My parents try not to trouble their doctor, but like all elderly people it’s important for them to know that a good GP is on hand to help with inevitable ailments which come with age.
They have been very happy with the service from Colinton Surgery for the 50 years they have lived in the area, so imagine the shock when a letter arrived from the practice manager telling them to find another GP because they did not live within its official boundary.
They’ve been in the same house for 18 years, but the surgery arbitrarily decided to toughen up on out-of-area patients and asked those living beyond the boundary to take their aches and pains elsewhere. It’s not just one or two people, but 750 who could potentially be without a GP.
Once they got over their incredulity and checked, they did indeed discover they were on the wrong side of the line. By three houses. The letter explains that time is being taken up by doctors driving to see elderly patients who live well out the area, and while boundaries have to fall somewhere, three doors seems unduly harsh for long-standing older customers.
The surgery blames recent housing developments which have had pushed up their patient list from 10,500 to nearly 12,000, but pre-emptive action has been taken because of the potential for more new arrivals within its area. And this is even though the biggest site, Redford Barracks, is still full of soldiers and the Ministry of Defence has taken it off the market.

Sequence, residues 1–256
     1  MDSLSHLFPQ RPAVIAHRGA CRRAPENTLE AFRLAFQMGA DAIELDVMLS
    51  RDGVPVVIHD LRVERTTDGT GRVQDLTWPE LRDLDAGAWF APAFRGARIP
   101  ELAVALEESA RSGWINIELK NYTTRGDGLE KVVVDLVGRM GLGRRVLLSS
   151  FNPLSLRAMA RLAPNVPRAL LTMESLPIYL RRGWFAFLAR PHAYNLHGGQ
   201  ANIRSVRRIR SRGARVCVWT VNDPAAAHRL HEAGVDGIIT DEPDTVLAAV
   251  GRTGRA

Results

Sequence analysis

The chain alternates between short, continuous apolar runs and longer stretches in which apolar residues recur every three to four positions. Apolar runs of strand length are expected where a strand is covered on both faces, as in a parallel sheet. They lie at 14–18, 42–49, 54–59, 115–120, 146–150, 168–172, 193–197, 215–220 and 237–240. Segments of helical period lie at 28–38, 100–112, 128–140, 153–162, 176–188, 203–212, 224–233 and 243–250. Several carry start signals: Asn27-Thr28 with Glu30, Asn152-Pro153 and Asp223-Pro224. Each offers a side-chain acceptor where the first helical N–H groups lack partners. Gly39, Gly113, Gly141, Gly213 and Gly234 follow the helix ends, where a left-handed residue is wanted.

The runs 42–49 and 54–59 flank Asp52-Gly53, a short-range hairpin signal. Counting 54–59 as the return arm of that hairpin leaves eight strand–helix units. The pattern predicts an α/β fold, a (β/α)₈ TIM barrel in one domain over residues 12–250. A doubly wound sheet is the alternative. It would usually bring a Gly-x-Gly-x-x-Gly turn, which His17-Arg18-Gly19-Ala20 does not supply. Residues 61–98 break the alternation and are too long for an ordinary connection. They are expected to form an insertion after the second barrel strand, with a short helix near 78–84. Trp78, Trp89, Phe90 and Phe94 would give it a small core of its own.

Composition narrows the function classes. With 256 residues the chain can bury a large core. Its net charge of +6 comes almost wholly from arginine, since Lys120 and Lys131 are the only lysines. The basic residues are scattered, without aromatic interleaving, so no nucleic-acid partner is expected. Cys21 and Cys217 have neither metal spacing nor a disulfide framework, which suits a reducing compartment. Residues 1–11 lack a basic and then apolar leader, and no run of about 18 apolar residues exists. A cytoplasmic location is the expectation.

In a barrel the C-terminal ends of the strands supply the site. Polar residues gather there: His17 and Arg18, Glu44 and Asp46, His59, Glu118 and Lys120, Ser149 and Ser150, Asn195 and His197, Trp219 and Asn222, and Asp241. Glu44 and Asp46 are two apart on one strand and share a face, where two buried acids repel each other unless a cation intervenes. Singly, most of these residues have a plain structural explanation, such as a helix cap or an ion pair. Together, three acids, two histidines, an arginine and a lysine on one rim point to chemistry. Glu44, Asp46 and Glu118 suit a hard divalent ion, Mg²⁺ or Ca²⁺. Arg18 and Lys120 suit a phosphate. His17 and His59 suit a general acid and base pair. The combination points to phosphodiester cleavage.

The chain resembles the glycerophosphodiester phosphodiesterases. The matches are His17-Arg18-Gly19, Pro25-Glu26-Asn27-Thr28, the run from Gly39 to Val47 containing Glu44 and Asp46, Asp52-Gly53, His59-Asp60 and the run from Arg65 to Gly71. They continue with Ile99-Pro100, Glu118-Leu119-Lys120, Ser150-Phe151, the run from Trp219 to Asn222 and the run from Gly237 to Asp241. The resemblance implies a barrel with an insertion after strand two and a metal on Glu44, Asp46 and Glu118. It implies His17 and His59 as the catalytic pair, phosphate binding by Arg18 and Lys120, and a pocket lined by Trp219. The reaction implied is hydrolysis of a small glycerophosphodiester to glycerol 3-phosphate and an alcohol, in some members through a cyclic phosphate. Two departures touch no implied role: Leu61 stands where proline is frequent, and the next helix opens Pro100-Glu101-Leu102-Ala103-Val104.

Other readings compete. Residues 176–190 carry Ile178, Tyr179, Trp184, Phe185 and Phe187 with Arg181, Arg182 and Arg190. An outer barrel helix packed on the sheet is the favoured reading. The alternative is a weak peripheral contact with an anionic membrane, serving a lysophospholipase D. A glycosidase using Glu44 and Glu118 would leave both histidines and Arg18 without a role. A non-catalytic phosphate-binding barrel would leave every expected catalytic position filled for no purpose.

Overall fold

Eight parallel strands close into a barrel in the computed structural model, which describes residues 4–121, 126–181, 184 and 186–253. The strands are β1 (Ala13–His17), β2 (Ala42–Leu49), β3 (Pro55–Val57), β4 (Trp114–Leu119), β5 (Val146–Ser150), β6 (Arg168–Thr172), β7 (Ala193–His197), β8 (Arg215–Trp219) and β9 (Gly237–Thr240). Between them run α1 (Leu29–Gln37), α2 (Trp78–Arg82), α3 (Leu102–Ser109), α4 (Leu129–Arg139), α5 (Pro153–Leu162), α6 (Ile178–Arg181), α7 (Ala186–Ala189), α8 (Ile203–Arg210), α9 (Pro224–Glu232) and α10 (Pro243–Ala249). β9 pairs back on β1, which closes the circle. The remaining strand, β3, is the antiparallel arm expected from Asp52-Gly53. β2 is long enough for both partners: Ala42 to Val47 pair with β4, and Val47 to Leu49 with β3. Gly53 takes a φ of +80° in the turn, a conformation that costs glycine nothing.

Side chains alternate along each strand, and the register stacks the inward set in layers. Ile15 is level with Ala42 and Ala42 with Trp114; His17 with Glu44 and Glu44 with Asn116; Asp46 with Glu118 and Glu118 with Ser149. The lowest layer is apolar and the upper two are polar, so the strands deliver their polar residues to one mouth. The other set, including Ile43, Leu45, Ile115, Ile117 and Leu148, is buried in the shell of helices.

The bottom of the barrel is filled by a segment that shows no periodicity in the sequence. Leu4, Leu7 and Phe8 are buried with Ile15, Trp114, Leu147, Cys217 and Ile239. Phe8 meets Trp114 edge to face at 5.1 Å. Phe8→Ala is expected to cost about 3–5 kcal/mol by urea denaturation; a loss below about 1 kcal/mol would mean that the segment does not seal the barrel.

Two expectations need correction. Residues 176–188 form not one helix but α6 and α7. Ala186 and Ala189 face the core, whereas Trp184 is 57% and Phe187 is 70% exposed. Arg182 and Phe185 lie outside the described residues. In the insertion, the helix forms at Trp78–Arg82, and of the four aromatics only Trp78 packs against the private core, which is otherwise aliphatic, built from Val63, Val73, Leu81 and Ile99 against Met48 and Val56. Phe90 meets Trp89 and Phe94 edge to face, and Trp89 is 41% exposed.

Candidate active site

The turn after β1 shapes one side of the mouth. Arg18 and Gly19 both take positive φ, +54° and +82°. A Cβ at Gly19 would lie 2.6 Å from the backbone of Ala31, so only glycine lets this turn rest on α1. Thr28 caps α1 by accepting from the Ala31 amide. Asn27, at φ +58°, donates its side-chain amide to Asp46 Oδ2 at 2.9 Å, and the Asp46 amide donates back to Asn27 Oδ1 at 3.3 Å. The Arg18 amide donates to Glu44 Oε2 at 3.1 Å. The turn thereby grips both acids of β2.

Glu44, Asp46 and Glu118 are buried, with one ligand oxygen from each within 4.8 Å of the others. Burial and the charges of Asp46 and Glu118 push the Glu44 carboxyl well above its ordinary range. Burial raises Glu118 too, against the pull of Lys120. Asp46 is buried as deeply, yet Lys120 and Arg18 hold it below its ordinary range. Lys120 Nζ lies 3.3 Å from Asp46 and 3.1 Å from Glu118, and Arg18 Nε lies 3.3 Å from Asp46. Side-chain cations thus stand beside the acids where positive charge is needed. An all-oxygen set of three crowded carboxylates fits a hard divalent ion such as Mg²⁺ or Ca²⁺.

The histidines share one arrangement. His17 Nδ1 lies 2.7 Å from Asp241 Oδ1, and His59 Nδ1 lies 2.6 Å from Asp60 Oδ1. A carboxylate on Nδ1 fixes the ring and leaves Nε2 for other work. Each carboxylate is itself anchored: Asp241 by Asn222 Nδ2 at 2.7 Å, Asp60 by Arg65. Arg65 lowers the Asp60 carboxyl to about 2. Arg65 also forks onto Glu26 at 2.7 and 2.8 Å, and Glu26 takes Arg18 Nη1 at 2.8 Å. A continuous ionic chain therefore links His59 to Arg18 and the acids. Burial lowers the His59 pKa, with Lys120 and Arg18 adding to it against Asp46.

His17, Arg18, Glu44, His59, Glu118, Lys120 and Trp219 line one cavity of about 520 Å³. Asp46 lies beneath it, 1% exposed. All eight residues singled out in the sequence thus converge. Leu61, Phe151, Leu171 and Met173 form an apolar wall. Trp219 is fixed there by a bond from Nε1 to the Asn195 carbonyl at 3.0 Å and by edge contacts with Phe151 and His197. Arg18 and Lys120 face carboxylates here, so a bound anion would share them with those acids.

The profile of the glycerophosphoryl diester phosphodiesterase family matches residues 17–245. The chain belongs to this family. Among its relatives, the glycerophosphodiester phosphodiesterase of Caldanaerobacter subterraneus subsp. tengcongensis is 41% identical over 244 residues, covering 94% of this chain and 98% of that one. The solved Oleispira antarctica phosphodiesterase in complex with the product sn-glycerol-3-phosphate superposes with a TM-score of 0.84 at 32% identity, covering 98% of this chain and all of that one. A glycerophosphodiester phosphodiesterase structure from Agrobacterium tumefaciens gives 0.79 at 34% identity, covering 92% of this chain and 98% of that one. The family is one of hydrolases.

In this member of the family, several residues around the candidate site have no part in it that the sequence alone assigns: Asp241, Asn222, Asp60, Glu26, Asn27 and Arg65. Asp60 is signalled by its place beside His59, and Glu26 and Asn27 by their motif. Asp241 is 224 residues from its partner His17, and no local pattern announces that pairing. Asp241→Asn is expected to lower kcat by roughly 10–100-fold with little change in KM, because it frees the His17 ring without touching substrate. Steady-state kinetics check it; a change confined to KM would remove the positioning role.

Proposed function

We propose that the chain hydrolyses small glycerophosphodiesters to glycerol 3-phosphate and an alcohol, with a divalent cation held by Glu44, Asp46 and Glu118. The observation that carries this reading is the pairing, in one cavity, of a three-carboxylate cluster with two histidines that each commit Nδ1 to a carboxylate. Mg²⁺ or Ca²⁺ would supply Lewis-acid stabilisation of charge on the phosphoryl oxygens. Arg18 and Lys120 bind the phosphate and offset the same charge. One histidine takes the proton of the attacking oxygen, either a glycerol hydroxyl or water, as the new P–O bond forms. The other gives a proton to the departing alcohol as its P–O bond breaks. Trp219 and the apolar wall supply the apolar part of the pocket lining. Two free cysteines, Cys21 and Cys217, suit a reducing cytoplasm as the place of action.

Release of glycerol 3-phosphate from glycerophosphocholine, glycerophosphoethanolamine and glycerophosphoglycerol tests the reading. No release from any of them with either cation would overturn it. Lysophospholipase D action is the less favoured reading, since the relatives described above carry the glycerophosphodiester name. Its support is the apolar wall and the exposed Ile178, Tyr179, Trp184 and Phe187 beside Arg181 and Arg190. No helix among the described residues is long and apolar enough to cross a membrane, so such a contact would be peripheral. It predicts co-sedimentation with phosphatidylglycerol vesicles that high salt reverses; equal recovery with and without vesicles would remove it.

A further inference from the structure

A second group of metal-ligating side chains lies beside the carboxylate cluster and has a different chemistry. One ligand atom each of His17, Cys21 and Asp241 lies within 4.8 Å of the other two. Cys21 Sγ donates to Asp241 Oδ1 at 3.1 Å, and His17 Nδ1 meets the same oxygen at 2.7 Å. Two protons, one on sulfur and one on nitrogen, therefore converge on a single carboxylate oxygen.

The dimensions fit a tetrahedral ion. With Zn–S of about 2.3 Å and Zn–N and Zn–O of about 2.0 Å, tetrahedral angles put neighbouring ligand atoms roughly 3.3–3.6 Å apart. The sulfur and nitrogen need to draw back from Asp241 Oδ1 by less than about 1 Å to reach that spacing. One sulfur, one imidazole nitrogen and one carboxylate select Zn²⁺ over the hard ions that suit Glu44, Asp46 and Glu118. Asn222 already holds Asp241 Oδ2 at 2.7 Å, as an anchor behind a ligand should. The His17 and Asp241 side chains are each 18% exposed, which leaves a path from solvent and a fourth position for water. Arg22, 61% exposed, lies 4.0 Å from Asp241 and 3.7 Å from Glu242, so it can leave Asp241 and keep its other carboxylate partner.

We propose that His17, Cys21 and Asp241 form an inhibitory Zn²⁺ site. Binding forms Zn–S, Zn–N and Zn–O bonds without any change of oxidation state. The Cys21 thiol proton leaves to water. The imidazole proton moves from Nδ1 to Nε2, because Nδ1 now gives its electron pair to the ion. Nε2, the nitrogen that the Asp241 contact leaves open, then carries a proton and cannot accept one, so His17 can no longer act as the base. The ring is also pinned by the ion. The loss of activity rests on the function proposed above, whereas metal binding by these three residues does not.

Earlier this month the Evening News revealed that five practices in South-East Edinburgh had closed their lists and only four out of 13 practices in the area were still open for registration.
In response, NHS Lothian’s director of primary care Jenny Long denied there were so many closures and insisted only two out of 119 Lothian practices were closed. With a surgery not only closed off but actively trying to eject patients without notice, I wonder if NHS Lothian fully understands the gravity of the situation.
Ms Long said each surgery was “responsible for managing requests from patients who wish to register with them”, but surely they must also have a duty of care to those people already on their books?
My folks have been given no advice, no list of alternatives and no indication if neighbouring surgeries can take on that number of new patients, just an instruction to take the letter to the new practice, wherever it may be, as if waving it about like Neville Chamberlain will solve the problem. And what happens if all the alternatives are full?
On one hand it’s commendable the practice wishes to preserve the service for patients within its boundaries it has an obligation to see, but such a unilateral move exposes the depth of the GP shortage which the Scottish Government seems powerless to address, and to which it has contributed by slashing the number of places in Scotland’s medical schools.
Immediately, NHS Lothian should ensure that none of those affected are left without a doctor, but SNP health secretary Humza Yousaf should be showing more leadership by explaining how this dire nationwide situation his government exacerbated can be sustainably resolved.